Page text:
Challenging the status quo of art and its many institutions seems to be something built into the mechanisms of the art world. But change can often be painful, something which is rather apparent at the Tartu Kunstimuuseum. The institution has been around since 1938 and is located in a local version of the leaning tower of Pisa. It has been at the center of a storm caused by the ministry’s appointment of Rael Artel as director since 2013. After a petition against Artel’s leadership, there was recently an official inquest into the running of the museum, which unveiled decades of mismanagement. Artel has a strong curatorial background and is known for her discursive exhibitions that experiment and challenge the way art is shown and for what reasons. One such project took place at the Tartu Kunstimuuseum earlier this year, appropriately titled «Is this the museum we wanted?»((Gregor Taul’s review of the exhibition “Losing the battle but winning the war?“)) The exhibition placed the institution itself on display, rather than the works of art, and it is this type of questioning Artel is known for in her independent project.((For Artel’s stance on museum exhibitions, you can read the interview “Exhibitions in museums could very well be something we have not imagined yet.” in Kunst.ee 2014/1)) The appointment is quite daring, but the full aftermath of such a hire remains to be seen. The second largest city in Estonia is quite small, so on a recent visit I was curious to see what all the fuss was about.
The building itself is a curiosity as it leans over and stands as a singular slice in the town square, and I see groups of tourists outside the building, taking photos of the diagonal museum. They do not enter the museum, but continue their tour of this old university city. Inside the museum I am greeted by a colorful bookstore, and I am not sure if I am in Tartu anymore. The bookstore looks like something I would find in a bigger and more progressive town. The store has a small selection of Estonian art books and the catalogs of the museum. Most of the Estonian books are published and distributed by Lugemik, who also have a great store in Tallinn, next to the EKKM, the contemporary art museum. The change in programming at the museum in Tartu is apparent already in the bookstore. The tired and conservative catalogs of yesteryear are in stark contrast to the publications the institution has put out since the start of Artel’s tenure. As a bonafide nerd it warms my heart and I pick out books for €80, including the required tote bag, reading PRAVDA in the Prada font.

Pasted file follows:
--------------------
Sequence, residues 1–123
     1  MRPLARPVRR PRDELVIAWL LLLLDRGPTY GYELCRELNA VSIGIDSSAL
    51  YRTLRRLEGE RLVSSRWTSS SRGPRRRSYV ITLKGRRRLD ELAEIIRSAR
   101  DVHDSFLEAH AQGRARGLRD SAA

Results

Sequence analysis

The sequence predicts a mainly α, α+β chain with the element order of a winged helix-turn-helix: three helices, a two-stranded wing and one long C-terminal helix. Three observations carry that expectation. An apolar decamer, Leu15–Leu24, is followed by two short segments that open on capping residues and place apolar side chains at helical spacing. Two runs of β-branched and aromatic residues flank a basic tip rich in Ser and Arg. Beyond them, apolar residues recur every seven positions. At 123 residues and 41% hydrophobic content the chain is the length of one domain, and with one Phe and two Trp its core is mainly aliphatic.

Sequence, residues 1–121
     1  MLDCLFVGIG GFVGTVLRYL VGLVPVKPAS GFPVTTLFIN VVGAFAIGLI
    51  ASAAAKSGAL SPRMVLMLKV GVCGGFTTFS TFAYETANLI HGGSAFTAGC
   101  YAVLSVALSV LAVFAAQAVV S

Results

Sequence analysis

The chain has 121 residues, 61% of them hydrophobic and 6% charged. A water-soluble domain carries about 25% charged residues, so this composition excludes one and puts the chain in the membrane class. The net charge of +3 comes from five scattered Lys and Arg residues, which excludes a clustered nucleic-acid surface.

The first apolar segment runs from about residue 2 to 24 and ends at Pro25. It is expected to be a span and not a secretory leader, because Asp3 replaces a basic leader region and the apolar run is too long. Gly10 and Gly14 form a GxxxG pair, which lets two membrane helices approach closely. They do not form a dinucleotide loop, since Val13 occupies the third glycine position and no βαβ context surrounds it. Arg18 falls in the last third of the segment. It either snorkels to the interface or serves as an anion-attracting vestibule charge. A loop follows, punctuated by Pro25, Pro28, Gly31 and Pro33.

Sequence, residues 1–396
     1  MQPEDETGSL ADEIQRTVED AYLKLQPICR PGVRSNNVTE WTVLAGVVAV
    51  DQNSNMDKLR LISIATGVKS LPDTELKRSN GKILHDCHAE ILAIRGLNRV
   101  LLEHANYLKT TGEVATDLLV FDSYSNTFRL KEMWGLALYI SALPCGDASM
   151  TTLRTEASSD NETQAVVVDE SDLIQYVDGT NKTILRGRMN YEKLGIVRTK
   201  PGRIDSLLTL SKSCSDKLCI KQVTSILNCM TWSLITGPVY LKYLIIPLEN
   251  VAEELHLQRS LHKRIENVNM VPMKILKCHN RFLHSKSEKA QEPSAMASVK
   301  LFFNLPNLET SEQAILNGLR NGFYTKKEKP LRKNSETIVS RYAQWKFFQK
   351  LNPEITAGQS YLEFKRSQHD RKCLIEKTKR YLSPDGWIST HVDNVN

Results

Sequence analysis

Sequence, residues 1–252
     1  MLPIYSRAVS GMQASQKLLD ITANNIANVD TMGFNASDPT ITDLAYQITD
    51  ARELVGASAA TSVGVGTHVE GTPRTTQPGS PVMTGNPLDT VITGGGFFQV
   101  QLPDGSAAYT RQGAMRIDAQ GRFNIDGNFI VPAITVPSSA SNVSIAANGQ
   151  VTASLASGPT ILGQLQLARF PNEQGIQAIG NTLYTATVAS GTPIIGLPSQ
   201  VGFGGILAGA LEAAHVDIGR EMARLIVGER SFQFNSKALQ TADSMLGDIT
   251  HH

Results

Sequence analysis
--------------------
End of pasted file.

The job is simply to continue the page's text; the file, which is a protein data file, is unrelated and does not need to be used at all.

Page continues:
So far so good.
“Kampsunid ja Kostabid. Tartu Nãitusepaigad 1988-2014” (“Jumpers((Jumpers, also known as Tartu jumpers is a subcultural term for intellectual bohemians characteristical for Taru as the university city. The same word also refferes to Tartu as a little wooden city.)) and Kostabis((Kostabi refers to Kalev Mark Kostabi, an Estonian born American artist, who became famous with the postmodern flow of the 1980’s for setting up a factory to produce his paintings. In 1990’s the Estonian national culture field tried to establish connections with many emigre figures, among which Kostabi, who was a rather ambivalent example of international success. Some active culture people formed a group titled Kostabi (founded in 1989) who published a newspaper of the same title (1991-1993).)). Exhibition spaces in Tartu 1988-2014 ”) is the exhibition on the ground floor and deals with Tartu’s very recent history and the contemporary art scene in the city. A selection of galleries and artist run spaces are documented, from the excessive 80s and the Kostabi gallery to the curatorial experiments of the Rael Artel gallery, which closed down in 2009 after running for three years. The show is part of an exhibition series that takes a closer look at the local, and later shows will include a similar look at the street art scene among other things. The local, and the recent, is often shunned by historical museums, but curator Triin Tulgiste and director Artel’s vision has been to take the local seriously, and not affirm the state of things as they have been presented over the last decades, but to provide a new perspective on recent events. There is little art to be seen in this exhibition and the emphasis is on the different spaces and the documentation and reception of these. The photocopied reviews and newspaper mentions that dominate the spaces on the ground floor start to take on a life of their own throughout the exhibition, starting out as signifiers of archival information and turning into wallpaper and decoration at the end. To me, as a foreigner with no knowledge of the Estonian language, this is curatorial gesture that works on some level, but I can understand my guide’s frustration with the disavowal of the archive. This type of exhibition, examining the recent past and the structures that influence the art scene outside of the production and display of the art work itself, is missing in most museums, and it’s something that should be a necessity in order to collect the recent past and understand the current state of the art world, whether locally or internationally.